Pebble Response to Norm van Vactor – Latest ADN Anti-Pebble Screed

Norm Van Vactor spins a nice tale about Pebble and Gold in a recent column in the Dispatch.  As with many tales, there are convenient sins of omission and a little clarification that warrant additional thought.  https://www.adn.com/opinions/2017/07/20/alaskans-remain-opposed-to-pebble-project/

To begin with, Pebble is primarily a copper project but that’s not as quippy.

The Pebble opposition likes to tout numbers that make it appear there is overwhelming local opposition against Pebble.  Regional organizations like the Bristol Bay Native Corporation oppose Pebble mostly as it competes with their own mining plans farther down the Alaska Peninsula.  If mining is bad, why are they pursuing it?

There was a cute trick used in one EPA comment period where people promoted a trip to Alaska and the entry was signing a post card to the EPA. This generated volume but little substance.

There was a meeting held in Iliamna when the then EPA Administrator Gina McCarthy visited to look at Pebble firsthand. Local resident Janessa Woods spoke of her desire to have a job to get off welfare and provide for her family.  She eloquently spoke to what a job meant for her.  It was a very different room in Iliamna where people employed by Pebble filled the room and the usual voices of opposition were quite subdued.

What has the Bristol Bay Economic Development Corporation has done to promote jobs for the residents of Iliamna and Newhalen displaced by the recent downscaling at Pebble?  So far, I am hearing crickets.  Jobs for those in the fishing industry good.  Jobs for the rest of us, not so much.

I do value the jobs created by this salmon runs.  But those jobs are variable depending on the size of the return and many of them go to Oregon, Washington, and other countries.  The one thing missing from the discussion is how to do mining and fishing on a sustainable basis.  I am one that believes Alaskans who love the land, resources, and fishing, can figure out how to do both.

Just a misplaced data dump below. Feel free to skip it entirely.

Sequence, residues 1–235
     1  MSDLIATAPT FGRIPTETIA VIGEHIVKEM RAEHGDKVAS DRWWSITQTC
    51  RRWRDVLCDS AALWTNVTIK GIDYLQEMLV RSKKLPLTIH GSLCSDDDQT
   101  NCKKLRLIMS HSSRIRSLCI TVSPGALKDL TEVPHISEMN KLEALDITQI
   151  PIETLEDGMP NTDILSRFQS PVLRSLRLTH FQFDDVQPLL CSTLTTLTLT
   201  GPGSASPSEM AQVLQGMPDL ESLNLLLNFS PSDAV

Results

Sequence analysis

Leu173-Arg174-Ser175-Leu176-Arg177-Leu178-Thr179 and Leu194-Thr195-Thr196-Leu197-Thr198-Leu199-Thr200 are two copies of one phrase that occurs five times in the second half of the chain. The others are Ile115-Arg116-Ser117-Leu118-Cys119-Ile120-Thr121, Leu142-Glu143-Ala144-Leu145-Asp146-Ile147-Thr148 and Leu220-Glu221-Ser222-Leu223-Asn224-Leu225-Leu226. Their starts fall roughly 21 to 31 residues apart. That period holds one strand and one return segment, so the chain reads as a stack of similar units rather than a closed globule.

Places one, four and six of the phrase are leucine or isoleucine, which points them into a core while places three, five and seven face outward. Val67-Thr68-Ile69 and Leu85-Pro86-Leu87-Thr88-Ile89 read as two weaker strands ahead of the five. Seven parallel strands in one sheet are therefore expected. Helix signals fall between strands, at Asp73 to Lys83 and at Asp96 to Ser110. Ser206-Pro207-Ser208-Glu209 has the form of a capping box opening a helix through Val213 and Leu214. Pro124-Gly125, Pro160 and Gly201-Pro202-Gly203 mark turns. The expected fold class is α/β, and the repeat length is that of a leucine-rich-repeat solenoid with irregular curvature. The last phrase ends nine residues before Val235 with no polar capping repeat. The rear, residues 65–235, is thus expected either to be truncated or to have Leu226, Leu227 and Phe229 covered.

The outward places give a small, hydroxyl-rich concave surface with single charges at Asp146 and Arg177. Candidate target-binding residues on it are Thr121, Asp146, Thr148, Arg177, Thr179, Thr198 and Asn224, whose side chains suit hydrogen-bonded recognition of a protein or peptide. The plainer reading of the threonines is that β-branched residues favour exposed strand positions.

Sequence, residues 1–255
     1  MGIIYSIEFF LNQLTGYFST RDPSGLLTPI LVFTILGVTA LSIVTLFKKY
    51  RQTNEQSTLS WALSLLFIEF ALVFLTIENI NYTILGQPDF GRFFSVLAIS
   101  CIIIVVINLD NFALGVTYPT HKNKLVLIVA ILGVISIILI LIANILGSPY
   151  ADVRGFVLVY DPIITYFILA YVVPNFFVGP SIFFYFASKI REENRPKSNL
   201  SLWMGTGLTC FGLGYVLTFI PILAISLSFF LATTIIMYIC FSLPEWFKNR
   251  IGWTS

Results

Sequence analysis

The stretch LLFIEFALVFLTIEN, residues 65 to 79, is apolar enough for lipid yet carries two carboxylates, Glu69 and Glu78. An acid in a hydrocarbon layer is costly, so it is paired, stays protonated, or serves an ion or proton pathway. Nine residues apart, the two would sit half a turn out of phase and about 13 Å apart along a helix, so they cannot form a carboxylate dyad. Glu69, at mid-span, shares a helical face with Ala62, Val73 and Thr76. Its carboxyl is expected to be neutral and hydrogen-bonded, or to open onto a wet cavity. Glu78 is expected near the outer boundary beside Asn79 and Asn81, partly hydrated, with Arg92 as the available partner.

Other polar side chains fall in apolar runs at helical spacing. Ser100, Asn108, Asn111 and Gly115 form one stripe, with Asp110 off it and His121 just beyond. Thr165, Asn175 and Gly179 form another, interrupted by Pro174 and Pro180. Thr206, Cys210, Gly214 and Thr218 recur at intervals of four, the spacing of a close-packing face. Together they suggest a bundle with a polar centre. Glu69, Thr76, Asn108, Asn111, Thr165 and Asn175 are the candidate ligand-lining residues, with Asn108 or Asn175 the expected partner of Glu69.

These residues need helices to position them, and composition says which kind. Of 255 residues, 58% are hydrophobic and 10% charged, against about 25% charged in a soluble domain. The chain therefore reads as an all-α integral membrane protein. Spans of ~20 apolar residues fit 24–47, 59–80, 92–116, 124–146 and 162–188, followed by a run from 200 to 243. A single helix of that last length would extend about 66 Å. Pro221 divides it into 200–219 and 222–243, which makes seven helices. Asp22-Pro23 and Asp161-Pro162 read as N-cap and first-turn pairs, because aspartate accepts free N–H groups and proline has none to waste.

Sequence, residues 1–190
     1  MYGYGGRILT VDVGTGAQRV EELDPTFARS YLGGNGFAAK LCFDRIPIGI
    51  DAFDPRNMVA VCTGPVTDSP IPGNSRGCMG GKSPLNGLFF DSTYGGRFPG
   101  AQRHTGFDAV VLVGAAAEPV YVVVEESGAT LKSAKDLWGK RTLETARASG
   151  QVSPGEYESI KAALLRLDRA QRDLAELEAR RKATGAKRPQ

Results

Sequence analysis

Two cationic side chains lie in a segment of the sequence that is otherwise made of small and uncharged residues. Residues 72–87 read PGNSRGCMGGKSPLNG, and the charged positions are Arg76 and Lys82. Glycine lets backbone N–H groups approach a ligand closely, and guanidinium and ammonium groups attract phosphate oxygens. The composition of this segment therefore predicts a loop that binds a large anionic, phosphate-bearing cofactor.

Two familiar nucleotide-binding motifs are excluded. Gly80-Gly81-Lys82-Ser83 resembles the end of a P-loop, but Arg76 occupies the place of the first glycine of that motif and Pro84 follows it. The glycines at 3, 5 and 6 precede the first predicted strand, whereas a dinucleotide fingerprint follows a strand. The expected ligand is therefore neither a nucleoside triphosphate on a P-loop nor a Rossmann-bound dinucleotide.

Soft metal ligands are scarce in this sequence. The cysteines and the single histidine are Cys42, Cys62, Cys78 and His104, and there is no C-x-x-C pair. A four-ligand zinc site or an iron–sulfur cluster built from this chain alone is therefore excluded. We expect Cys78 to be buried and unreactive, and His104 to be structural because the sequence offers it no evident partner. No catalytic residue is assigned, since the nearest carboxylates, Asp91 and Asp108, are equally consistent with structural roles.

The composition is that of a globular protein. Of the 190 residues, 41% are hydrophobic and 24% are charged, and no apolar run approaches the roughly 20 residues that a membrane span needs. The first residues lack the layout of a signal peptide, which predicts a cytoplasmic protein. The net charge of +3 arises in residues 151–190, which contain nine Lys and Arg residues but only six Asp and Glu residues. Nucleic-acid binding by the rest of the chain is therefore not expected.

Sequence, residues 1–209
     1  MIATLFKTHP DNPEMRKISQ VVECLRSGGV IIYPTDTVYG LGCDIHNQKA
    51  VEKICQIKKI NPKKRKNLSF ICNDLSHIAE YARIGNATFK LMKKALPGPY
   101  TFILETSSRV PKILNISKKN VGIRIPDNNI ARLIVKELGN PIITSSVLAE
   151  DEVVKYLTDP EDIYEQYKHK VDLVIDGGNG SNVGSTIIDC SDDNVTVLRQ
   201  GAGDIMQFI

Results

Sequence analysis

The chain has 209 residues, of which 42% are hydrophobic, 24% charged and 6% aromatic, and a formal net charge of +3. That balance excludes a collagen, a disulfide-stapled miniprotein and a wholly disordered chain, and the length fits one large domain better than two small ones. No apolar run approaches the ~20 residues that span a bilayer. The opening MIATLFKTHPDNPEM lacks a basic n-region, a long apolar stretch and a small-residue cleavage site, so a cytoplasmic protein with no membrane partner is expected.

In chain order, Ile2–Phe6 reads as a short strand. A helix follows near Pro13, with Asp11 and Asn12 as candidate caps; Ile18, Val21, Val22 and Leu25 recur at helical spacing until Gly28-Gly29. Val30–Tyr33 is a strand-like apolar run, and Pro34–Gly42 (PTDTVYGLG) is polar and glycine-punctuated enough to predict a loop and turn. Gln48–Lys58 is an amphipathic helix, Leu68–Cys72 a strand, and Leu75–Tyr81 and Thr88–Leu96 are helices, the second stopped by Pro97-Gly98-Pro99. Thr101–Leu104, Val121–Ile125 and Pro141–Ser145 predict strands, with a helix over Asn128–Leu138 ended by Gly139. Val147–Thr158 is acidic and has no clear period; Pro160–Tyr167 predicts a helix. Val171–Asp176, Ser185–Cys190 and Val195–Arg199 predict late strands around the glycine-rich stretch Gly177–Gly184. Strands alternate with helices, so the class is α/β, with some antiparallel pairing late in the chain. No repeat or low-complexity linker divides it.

Van Vactor wants you to think that it will be sunshine and roses in getting Pebble permitted.  That couldn’t be farther from the truth as there are many regulatory hurdles left in permitting, starting with an Environmental Impact Statement.  14 different agencies will be involved including the EPA.

People want you to believe that the EPA has somehow been sidelined.  All that has happened is their preemptive (pre-permit) attack on due process has been stopped.  The majority of Alaska’s statewide business and trade organizations spoke out against this precedent setting action because they knew if EPA could to do this to Pebble there would be no end to next projects getting the same treatment.  We have rules and processes for a reason and when we get off the rails it hurts all of us.

One thing Alaskans do support is a fair process for evaluating projects like Pebble and that is why our elected officials hold a neutral position.  Most, if not all, of Alaska’s business and trade organizations hold this position too.

The 2014 initiative was uncontested by the development community.  It put an additional hurdle in place against Pebble.  It implemented what is called a “legislative veto” – an action that the courts have consistently found unconstitutional.  I expect this hurdle will go to trial at the appropriate time.

As to the visioning exercise in Bristol Bay that highlighted residents desire for excellent schools, safe and healthy families, and local jobs.  This is what all people in Alaska want.  I would encourage the residents of SW to look to the experience of the Northwest Arctic Borough where these are provided by something called the Red Dog Mine.

If fishing or renewable resources can provide this, SW Alaska would be rich beyond its wildest dreams.  Sadly, they don’t, and SW Alaska remains one of the poorest parts of the state even with all the available fish.

Alaska is a great state with tremendous opportunity.  Pebble is one of our assets.  It should be reasonably evaluated.  Remember, that in a time of decreasing oil revenues, the more people at work, earning a paycheck, the smaller the pressure on the State treasury.

 

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